As one of the most expensive cities to live in the country, San Francisco is now addressing whether women have access to affordable housing. The city's rent-control board, which classified residents into groups of either women or minorities, is now keeping data on women minorities. The board has also promoted qualified women to leadership roles.
"It's not about looking at quotas or saying the entire city is biased against women. It's saying, 'What is the norm? What is our response?'" Dharmaraj says. "Making populations visible is one key component."
A stickier issue is equity in employment practices, such as hiring and promoting women into high levels in city departments and providing equal pay.
Sonia Melara, a member of San Francisco's CEDAW task force and executive director of Arriba Juntos, a local group that provides employment services to low-income workers, says the ordinance provides a framework to evaluate hiring practices. One issue that kept coming up among both male and female city workers was that family obligations--such as child care, pregnancy or caring for an elderly relative--prevented them from taking a job or getting promoted. For instance, some employees at the Department of Public Works punch in at 6 a.m., but if day care doesn't start until 8 a.m., single parents--men or women--often don't apply for those jobs.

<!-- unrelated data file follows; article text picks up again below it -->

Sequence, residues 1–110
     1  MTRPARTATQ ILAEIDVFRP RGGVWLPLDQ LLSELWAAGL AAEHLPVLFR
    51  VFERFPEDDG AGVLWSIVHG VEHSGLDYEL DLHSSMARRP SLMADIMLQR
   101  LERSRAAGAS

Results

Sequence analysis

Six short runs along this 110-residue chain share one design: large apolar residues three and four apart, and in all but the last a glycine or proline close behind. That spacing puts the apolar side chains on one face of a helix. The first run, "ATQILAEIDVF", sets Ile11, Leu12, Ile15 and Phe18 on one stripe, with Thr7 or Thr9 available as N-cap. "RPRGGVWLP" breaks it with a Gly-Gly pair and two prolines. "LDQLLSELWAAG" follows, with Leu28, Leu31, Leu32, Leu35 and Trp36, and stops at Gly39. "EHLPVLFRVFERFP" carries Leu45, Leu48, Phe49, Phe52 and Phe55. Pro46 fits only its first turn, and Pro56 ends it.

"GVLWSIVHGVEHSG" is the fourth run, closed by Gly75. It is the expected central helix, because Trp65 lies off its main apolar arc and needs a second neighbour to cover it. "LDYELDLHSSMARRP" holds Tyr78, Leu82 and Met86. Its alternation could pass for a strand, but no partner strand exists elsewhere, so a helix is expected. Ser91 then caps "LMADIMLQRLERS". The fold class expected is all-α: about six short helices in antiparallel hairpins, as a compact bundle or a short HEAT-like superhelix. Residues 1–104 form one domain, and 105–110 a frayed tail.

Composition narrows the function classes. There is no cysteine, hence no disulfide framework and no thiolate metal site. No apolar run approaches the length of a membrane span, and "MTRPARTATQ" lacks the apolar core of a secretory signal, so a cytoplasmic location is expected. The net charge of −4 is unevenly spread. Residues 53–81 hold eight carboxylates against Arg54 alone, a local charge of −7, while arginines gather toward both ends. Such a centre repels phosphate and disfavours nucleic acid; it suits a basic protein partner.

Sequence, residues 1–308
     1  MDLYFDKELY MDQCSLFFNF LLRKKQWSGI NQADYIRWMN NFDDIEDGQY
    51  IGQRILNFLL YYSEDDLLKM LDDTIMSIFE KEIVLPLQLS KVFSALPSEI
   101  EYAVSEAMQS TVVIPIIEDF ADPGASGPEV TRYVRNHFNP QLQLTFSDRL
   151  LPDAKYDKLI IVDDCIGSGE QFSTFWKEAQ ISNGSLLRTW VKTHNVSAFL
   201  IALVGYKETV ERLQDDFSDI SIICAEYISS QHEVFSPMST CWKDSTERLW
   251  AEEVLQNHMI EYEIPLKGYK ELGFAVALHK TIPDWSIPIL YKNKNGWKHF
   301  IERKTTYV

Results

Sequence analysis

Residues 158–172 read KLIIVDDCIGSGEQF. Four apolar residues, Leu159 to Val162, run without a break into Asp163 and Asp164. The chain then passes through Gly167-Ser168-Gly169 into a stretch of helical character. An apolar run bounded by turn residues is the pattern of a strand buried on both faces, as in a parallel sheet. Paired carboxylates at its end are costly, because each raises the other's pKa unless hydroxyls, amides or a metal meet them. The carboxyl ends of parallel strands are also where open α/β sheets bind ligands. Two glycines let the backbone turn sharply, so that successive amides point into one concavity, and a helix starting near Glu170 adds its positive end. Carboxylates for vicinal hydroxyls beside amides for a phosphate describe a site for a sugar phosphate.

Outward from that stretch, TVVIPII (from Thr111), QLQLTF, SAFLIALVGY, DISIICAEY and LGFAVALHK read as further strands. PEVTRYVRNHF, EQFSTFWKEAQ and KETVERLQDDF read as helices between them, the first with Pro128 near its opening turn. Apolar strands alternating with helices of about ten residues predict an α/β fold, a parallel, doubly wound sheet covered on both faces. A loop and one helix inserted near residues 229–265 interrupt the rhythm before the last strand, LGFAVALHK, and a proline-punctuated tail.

"Family issues kept coming up in every department," Melara says. "Employers have to realize that to hold onto good employees they need to be more flexible in meeting individual needs."
Another problem, Melara says, is that women still tend to make up the majority of low-wage workers in government, often filling positions such as secretaries, while few women hold higher paying jobs as managers or, say, environmental engineers. However, low turnover in local government and a hiring freeze due to the economic downturn means that changes in these practices may not be seen for years.